You may have heard of seat filling as it relates to the Oscars. But it also exists in London theatre shows to ensure that there’s a full and receptive house in place for all performances. Expect to find ground rules about being respectful and appreciative (although that’s surely all of us anyway), and consider joining a club upfront to gain access to productions. Also remember that if you commit to attend a show, you must turn up. After all, that’s the entire premise. Tickets tend to be last minute and quick to disappear.
The way it works is that you’ll pay a subscription for a set period of time, which gives you and a guest free access to shows. Or you pay a smaller subscription, and then a small ticket charge. On The List, for example has memberships which include either two or four seats, and expects one or two shows to be available each month. So here two of you could see 3-6 shows for £34. At the Audience Club, there’s a charity donation of £5 instead of a membership fee, and tickets cost £2.50 plus VAT per person.
The choice will be very random, but then that’s part of the charm. As such, this probably isn’t an option for a last minute trip, but more suitable if you will be in or near London for a while, or visit often.
We’re aware of the following seat filling clubs:
And the first rule of seat filling clubs? Don’t say you’re part of a seat filling club.
9. Head to the fringe For London Theatre On A Budget
It isn’t just about Theatreland. We’ve already mentioned the Arcola in Dalston and Theatre 503 in Battersea. In truth, it’s not difficult to get to theatres that are in less expected locations in London. Arm yourself with directions from the ever reliable TFL Journey Planner, and you could find yourself in all kinds of fascinating places. Most of the smaller theatres, by the way, have a great set of directions on their website, so locating them is a breeze.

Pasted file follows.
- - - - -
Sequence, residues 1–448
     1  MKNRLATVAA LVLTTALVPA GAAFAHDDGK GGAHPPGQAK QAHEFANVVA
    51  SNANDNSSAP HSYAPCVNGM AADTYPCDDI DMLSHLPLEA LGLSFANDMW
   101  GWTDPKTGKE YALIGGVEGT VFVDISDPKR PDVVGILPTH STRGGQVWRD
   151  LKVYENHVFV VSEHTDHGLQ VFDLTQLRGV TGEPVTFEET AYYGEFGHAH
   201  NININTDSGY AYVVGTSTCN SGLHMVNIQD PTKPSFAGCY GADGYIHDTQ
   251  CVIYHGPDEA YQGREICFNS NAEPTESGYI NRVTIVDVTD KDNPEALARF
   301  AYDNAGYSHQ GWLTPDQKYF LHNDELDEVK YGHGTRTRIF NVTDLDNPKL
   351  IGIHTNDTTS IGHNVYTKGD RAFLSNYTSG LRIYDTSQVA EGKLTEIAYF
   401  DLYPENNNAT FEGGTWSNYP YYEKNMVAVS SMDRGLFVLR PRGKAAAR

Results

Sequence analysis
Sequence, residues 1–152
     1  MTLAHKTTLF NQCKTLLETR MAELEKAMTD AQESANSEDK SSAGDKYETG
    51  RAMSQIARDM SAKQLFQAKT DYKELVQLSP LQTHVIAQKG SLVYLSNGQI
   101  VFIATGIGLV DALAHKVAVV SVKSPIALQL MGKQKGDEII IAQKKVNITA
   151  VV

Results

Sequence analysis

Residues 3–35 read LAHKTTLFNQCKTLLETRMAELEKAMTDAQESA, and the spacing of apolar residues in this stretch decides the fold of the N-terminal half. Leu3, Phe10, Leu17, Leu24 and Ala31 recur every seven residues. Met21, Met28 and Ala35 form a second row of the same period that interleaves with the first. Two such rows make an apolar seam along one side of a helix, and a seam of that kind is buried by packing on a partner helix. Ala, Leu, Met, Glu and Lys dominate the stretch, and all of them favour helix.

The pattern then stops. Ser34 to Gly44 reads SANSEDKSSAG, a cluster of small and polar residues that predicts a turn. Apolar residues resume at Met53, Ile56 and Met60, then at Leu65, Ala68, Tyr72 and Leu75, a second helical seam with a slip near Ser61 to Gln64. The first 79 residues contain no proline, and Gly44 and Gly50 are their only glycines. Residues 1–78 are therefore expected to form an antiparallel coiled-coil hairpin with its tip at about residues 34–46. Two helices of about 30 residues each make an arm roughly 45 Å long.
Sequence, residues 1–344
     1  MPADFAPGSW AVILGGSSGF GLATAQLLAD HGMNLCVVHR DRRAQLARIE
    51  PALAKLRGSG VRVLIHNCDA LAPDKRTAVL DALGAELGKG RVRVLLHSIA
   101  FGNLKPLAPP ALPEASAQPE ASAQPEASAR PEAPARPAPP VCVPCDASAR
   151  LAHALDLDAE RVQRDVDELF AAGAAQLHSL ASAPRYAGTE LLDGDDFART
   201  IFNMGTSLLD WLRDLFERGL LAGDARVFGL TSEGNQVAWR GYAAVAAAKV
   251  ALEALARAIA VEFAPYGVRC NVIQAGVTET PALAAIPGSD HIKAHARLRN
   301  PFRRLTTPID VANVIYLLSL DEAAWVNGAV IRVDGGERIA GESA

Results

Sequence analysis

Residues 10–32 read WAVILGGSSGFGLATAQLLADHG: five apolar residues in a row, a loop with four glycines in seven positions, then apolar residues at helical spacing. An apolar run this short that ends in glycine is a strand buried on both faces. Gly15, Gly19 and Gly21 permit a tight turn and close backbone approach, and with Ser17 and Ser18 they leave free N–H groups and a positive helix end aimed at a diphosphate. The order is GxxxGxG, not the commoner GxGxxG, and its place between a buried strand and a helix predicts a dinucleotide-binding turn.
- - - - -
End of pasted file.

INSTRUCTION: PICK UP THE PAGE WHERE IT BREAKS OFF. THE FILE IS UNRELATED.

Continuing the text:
The fringe can also offer opportunities to see shows that push your boundaries, from new and inspiring writers. While researching earlier, I found five shows I’d really like to see at the Arcola. And that’s not just because it has a passport which entitles you to 5 shows for £60. Now that’s a bargain, and another benefit of getting out of the centre of London.
Overnighting and other travel hacks For London Theatre on A Budget
Theatre doesn’t have to involve an expensive meal out or an even more expensive overnight stay in London. Unless you’re building your theatre visit into a pre-planned trip, there are options that can work out to be more cost effective.
Read More: Check out the best tips for buying Broadway tickets in New York City here.
Firstly, don’t forget that many nearby venues offer pre-theatre meals, where you can get a set menu that will work fast enough so as not to make you late for your show. Equally, you could just choose somewhere that works for you. My favourite pre-theatre hack is to eat at Whole Foods Market on Glasshouse Street, which is near to much of Theatreland; whether you want sushi, a burrito or any manner of hot buffet or salad items, it’s here for you. There’s seating upstairs, and the chance to buy a snack or two (chocolate, of course) before you head on to the performance.
If you’re staying out of town, a matinee would be a great choice. Although the last trains out of London can open up more options to go to a later show. The last train from London Euston to Birmingham, for example, leaves at 22:30, and there’s a later one from London Marylebone at 23:07. So don’t automatically assume that an evening event in London is out of the question.
If you decide to stay over, then one of our favourite budget options is the Travelodge at London Euston. It’s brilliantly situated for both the Eurostar at St Pancras and mainline stations at Kings Cross, Euston and Marylebone. Plus, although we may have been lucky with our room allocations, the rooms are surprisingly large for London, and also very quiet.
If you’d like to enjoy London Theatre on a budget, why not pin this for later!